Representative Peter Meijer of Michigan said that Mr. Trump had “betrayed his oath of office by seeking to undermine our constitutional process, and he bears responsibility for inciting the insurrection we suffered last week.”

Representative Anthony Gonzalez of Ohio said Vice President Mike Pence and lawmakers in the House and Senate “had their lives put in grave danger as a result of the president’s actions,” adding, “When I consider the full scope of events leading up to Jan. 6, including the president’s lack of response as the United States Capitol was under attack, I am compelled to support impeachment.”

Representative David Valadao of California complained that the process had been rushed but said: “Based on the facts before me, I have to go with my gut and vote my conscience. I voted to impeach President Trump. His inciting rhetoric was un-American, abhorrent and absolutely an impeachable offense. It’s time to put country over politics.”

Representative Tom Rice of South Carolina criticized Mr. Trump’s response to the siege and concluded: “I have backed this president through thick and thin for four years. I campaigned for him and voted for him twice. But this utter failure is inexcusable.”

Nicholas Fandos and Glenn Thrush contributed reporting.

“It is never too late to do the right thing,” Representative Steny Hoyer, the majority leader, said.
Anna Moneymaker for The New York Times

Gathered in the Capitol just one week after it came under violent attack by a pro-Trump mob, the House engaged in an emotional debate on Wednesday over whether to impeach President Trump for his role in inciting the violence.

Nearly every Democrat spoke out in support of impeachment and a handful of Republicans pledged to join them.

But in the run-up to the vote, the two parties traded bitter jabs and dueling arguments for and against using the Constitution’s gravest remedy just days before Mr. Trump was to leave office. Democrats uniformly described the president’s conduct in scathing terms, arguing that impeachment was an appropriate remedy. A few Republicans defended him, but most others simply argued that a rush to impeach Mr. Trump without a hearing or an investigation raised constitutional questions.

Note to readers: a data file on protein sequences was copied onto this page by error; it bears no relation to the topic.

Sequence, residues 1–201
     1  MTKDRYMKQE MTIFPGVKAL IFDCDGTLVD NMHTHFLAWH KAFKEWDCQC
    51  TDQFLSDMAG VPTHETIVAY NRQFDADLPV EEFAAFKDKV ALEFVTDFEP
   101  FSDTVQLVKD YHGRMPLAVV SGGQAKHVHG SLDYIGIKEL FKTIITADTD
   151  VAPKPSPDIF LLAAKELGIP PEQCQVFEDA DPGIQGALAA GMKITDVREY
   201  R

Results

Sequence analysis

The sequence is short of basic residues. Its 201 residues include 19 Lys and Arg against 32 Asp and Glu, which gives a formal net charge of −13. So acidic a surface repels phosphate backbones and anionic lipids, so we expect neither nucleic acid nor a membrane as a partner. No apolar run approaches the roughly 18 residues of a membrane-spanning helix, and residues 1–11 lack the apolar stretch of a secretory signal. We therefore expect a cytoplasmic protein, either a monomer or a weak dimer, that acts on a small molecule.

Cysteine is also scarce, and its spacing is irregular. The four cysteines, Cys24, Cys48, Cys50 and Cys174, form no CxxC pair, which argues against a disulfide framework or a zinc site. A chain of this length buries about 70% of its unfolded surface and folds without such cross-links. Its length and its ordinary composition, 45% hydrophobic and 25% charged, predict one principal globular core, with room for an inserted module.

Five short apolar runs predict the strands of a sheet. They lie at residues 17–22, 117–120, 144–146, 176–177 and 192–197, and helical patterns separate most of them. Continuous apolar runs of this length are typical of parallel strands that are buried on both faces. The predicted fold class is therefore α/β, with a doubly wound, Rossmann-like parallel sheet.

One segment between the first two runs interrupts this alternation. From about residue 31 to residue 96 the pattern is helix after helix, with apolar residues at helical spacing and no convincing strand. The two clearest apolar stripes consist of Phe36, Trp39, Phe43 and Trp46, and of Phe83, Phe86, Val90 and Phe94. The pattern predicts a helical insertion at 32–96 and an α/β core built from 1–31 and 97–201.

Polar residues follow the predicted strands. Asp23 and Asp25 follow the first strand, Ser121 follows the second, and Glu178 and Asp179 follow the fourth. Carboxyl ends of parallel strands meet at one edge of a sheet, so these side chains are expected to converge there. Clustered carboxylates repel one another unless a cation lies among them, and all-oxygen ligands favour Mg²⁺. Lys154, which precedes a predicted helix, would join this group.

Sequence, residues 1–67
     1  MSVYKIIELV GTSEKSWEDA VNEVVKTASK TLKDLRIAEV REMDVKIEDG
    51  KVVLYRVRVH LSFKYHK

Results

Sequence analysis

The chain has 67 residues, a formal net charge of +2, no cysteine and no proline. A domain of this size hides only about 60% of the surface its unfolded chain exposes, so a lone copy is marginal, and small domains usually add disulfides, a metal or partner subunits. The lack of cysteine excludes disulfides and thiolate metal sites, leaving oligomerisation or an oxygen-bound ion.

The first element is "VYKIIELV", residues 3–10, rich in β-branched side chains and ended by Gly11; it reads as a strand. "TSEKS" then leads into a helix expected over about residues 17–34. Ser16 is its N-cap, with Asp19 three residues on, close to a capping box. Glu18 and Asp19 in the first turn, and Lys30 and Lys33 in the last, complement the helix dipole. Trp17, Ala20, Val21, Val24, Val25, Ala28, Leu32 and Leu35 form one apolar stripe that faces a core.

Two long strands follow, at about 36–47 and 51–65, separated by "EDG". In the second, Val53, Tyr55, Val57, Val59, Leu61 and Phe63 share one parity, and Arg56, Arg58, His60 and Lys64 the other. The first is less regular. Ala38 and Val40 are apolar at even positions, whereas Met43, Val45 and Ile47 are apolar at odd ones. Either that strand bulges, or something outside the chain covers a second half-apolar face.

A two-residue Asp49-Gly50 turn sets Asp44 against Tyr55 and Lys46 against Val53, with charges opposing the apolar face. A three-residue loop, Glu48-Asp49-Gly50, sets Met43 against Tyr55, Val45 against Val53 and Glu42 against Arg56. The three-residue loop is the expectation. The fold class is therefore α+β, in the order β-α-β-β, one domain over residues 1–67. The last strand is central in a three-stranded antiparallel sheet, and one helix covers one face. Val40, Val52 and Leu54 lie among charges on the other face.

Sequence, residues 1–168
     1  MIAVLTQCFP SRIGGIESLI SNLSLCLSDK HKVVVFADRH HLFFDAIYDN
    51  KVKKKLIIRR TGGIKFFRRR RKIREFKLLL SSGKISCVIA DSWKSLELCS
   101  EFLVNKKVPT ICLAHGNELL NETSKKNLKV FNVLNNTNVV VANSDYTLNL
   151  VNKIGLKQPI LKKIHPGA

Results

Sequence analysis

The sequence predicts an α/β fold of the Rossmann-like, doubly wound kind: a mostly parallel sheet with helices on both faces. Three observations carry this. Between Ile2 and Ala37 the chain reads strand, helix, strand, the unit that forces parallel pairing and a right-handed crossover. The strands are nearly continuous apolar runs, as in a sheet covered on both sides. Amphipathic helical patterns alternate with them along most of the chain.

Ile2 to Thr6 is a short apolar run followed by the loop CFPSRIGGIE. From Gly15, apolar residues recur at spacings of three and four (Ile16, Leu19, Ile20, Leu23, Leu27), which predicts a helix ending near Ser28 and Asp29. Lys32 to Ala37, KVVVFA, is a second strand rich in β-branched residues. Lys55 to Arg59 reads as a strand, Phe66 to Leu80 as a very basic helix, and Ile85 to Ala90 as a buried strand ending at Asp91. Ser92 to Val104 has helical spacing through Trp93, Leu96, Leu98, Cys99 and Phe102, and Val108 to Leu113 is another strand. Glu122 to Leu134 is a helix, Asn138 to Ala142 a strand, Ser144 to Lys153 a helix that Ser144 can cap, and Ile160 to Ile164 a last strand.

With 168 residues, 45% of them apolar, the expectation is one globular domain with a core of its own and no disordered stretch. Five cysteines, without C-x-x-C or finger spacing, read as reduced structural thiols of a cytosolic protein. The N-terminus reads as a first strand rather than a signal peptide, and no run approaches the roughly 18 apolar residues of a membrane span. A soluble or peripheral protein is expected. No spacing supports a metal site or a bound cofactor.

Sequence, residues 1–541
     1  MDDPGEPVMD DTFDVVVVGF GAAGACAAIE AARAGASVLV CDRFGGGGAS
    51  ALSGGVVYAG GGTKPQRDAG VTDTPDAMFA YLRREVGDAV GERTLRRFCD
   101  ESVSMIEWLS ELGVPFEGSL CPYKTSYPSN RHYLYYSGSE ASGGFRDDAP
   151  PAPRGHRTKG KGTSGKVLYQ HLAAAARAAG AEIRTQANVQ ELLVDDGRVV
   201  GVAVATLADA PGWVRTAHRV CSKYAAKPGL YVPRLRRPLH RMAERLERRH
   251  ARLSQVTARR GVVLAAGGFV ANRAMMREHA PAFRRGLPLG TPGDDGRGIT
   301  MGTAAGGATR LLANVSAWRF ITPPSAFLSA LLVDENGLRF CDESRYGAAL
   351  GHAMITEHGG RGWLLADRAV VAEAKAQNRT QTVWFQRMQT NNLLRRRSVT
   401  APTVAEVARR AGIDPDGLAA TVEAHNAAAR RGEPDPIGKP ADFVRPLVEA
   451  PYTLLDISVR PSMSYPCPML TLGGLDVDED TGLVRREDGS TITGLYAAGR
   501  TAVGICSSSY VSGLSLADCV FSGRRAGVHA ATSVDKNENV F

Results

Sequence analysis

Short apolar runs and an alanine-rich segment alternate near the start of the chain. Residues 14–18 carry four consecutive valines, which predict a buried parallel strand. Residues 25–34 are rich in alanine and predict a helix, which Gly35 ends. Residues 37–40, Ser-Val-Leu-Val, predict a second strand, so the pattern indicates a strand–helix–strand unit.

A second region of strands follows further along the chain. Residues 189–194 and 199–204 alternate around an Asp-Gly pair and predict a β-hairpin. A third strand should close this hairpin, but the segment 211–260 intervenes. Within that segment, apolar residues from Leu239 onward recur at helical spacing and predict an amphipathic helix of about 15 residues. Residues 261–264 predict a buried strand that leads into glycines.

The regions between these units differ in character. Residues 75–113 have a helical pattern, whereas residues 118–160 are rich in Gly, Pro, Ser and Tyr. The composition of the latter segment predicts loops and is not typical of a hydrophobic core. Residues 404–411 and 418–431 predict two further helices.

Speaker Nancy Pelosi of California: “The president must be impeached and I believe the president must be convicted by the Senate, a constitutional remedy that will ensure that the republic will be safe from this man who is so resolutely determined to tear down the things that we hold dear and that hold us together. It gives me no pleasure to say this. It breaks my heart.”

Representative Jamie Raskin of Maryland, the lead impeachment manager: “It’s a bit much to be hearing that these people would not be trying to destroy our government and kill us if we just weren’t so mean to them.”

Representative Adam B. Schiff of California: “America has been through a civil war, world wars, a Great Depression, pandemics, McCarthyism, and now a Trumpist and white nationalist insurrection. And yet our democracy endures.

“It endures because at every juncture, every pivotal moment, when evil threatens to overtake good, patriotic Americans step forward to say, enough. This is one of those moments.”

Representative Hakeem Jeffries of New York: “Donald Trump is a living, breathing impeachable offense. It is what it is.”